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Ice safety – when is ice safe?

January 9, 2012

by Chris Schultz

From the DNR

When is ice safe?

There really is no sure answer. You can’t judge the strength of ice just by its appearance, age, thickness, temperature, or whether or not the ice is covered with snow.

Strength is based on all these factors – plus the depth of water under the ice, size of the water body, water chemistry and currents, the distribution of the load on the ice, and local climatic conditions.

General ice thickness guidelines

For New, Clear Ice Only
• 2” or less – STAY OFF
• 4” – Ice fishing or other activities on foot
• 5” – Snowmobile or ATV
• 8” - 12” – Car or small pickup
• 12” - 15” – Medium truck

Remember that these thicknesses are merely guidelines for new, clear, solid ice.

Many factors other than thickness can cause ice to be unsafe.

Checking ice thickness

No matter what you are going to do once you get on the ice – like fishing, snowmobiling, skating or even ice boating, it’s a good idea to contact a local bait shop or resort on the lake about ice conditions.

It’s also important to do some checking yourself once you get there.

Several factors affect the relative safety of ice, such as temperature, snow cover and currents. But a very important factor is the actual ice thickness.

Traveling on ice

• Check for known thin ice areas with a local resort or bait shop.

Test the thickness yourself using an ice chisel, ice auger or even a cordless 1/4 inch drill with a long bit.

• Refrain from driving on ice whenever possible.

If you must drive a vehicle, be prepared to leave it in a hurry – keep windows down, unbuckle your seat belt and have a simple emergency plan of action you have discussed with your passengers.

• Stay away from alcoholic beverages.

Even “just a couple of beers” are enough to cause a careless error in judgment that could cost you your life.

And contrary to common belief, alcohol actually makes you colder rather than warming you up.

• Don’t “overdrive” your snowmobile’s headlight.

At even 30 miles per hour, it can take a much longer distance to stop on ice than your headlight shines.

Many fatal snowmobile through-the-ice accidents occur because the machine was traveling too fast for the operator to stop when the headlamp illuminated the hole in the ice.

• Wear a life vest under your winter gear.

Or wear one of the new flotation snowmobile suits.

And it’s a good idea to carry a pair of ice picks that may be home made or purchased from most well stocked sporting goods stores that cater to winter anglers.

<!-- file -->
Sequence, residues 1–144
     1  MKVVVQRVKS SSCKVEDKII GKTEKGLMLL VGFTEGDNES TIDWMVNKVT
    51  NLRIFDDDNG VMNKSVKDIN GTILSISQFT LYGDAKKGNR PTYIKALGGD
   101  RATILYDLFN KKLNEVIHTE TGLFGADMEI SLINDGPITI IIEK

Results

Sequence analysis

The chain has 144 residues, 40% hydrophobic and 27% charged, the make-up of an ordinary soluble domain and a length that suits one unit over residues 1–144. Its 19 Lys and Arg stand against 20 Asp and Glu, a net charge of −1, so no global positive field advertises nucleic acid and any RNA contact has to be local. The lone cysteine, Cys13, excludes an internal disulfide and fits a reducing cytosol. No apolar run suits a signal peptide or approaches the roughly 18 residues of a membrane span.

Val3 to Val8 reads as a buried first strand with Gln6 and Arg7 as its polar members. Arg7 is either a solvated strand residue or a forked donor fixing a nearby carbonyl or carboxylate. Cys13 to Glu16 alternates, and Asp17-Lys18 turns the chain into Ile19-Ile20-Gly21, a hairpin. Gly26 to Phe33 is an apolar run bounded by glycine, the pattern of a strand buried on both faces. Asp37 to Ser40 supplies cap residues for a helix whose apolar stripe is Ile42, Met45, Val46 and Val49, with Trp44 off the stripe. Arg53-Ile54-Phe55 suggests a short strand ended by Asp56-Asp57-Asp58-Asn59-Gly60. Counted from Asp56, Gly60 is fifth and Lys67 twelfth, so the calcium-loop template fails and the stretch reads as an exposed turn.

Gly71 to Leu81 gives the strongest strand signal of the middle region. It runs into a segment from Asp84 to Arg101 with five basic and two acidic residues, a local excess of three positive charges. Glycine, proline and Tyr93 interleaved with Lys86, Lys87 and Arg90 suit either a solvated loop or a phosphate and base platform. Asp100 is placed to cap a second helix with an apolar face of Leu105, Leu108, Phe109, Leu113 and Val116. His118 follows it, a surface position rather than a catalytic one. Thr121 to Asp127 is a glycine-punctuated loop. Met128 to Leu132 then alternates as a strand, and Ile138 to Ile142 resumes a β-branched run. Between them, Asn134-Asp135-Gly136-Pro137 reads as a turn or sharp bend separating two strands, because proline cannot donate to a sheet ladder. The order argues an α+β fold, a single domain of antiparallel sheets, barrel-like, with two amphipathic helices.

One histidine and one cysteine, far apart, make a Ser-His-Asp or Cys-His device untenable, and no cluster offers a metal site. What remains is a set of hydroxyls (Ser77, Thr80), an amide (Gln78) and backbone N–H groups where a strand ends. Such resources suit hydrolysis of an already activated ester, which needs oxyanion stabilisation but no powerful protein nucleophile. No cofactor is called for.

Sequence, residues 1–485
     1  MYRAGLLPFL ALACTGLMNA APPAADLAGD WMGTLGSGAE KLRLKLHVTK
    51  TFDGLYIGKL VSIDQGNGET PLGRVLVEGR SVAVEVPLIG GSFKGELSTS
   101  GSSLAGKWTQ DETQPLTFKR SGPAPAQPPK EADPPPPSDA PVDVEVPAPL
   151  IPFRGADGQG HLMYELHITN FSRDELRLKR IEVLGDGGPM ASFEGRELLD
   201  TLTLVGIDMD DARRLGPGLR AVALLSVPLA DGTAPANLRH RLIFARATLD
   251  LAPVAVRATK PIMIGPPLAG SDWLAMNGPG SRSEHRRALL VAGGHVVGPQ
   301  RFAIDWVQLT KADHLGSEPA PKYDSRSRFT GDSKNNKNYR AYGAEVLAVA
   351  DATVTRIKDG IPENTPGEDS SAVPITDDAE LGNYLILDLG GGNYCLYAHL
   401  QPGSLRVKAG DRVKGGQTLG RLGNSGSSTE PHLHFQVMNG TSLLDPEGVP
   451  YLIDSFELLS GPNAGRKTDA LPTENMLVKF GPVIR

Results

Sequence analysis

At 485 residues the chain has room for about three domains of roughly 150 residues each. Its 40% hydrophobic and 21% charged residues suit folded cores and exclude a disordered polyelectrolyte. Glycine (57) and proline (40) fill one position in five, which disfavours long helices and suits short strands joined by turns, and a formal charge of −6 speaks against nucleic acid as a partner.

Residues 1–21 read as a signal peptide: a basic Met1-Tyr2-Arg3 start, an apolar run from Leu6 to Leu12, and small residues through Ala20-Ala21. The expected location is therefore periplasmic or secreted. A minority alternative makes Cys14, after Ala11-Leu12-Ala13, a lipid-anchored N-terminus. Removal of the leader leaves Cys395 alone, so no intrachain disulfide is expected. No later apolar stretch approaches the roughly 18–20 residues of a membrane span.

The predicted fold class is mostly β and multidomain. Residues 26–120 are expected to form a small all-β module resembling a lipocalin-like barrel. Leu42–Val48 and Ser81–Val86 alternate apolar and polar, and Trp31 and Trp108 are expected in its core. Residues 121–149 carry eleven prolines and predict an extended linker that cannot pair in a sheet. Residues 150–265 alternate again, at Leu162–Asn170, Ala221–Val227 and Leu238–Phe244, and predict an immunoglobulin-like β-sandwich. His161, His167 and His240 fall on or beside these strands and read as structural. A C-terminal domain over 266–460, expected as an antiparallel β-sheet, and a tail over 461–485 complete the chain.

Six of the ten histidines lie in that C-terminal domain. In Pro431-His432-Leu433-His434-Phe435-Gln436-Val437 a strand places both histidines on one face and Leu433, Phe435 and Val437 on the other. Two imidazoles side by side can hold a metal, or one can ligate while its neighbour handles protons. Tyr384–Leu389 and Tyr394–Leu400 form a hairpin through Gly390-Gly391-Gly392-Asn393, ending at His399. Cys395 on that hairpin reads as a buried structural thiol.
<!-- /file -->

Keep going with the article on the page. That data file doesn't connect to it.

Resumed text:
It’s amazing how difficult it can be to pull yourself back onto the surface of unbroken but wet and slippery ice while wearing a snowmobile suit weighted down with 60 lbs of water.

The ice picks really help pulling yourself back onto solid ice.

• CAUTION: Do NOT wear a flotation device when traveling across the ice in an enclosed vehicle!

What if you fall in?

What should you do? First, try not to panic.

This may be easier said than done, unless you have worked out a survival plan in advance.

Read through these steps so that you can be prepared.

1) Don’t remove your winter clothing.

Heavy clothes won’t drag you down, but instead can trap air to provide warmth and flotation.

This is especially true with a snowmobile suit.

2) Turn toward the direction you came.

That’s probably the strongest ice.

3) Place your hands and arms on the unbroken surface.

This is where a pair of nails, sharpened screwdrivers or ice picks come in handy in providing the extra traction you need to pull yourself up onto the ice.

4) Kick your feet and dig in your ice picks to work your way back onto the solid ice.

If your clothes have trapped a lot of water, you may have to lift yourself partially out of the water on your elbows to let the water drain before starting forward.

5) Lie flat on the ice once you are out and roll away from the hole to keep your weight spread out.

This may help prevent you from breaking through again.

6) Get to a warm, dry, sheltered area and re-warm yourself immediately.

In moderate to severe cases of cold water hypothermia, you must seek medical attention.

Cold blood trapped in your extremities can come rushing back to your heart after you begin to re-warm.

The shock of the chilled blood may cause ventricular fibrilation leading to a heart attack and death.

What if your vehicle breaks through?

If your car or truck plunges through the ice, the best time to escape is before it sinks, not after.

It will stay afloat a few seconds to several minutes depending on the airtightness of the vehicle.

• While the car is still afloat, the best escape hatches are the side windows since the doors may be held shut by the water pressure.

If the windows are blocked, try to push the windshield or rear window out with your feet or shoulder.

• A vehicle with its engine in the front will sink at a steep angle and may land on its roof if the water is 15 feet or deeper.

As the car starts its final plunge to the bottom, water rapidly displaces the remaining air.

An air bubble can stay in a submerged vehicle, but it is unlikely that it would remain by the time the car hits the bottom.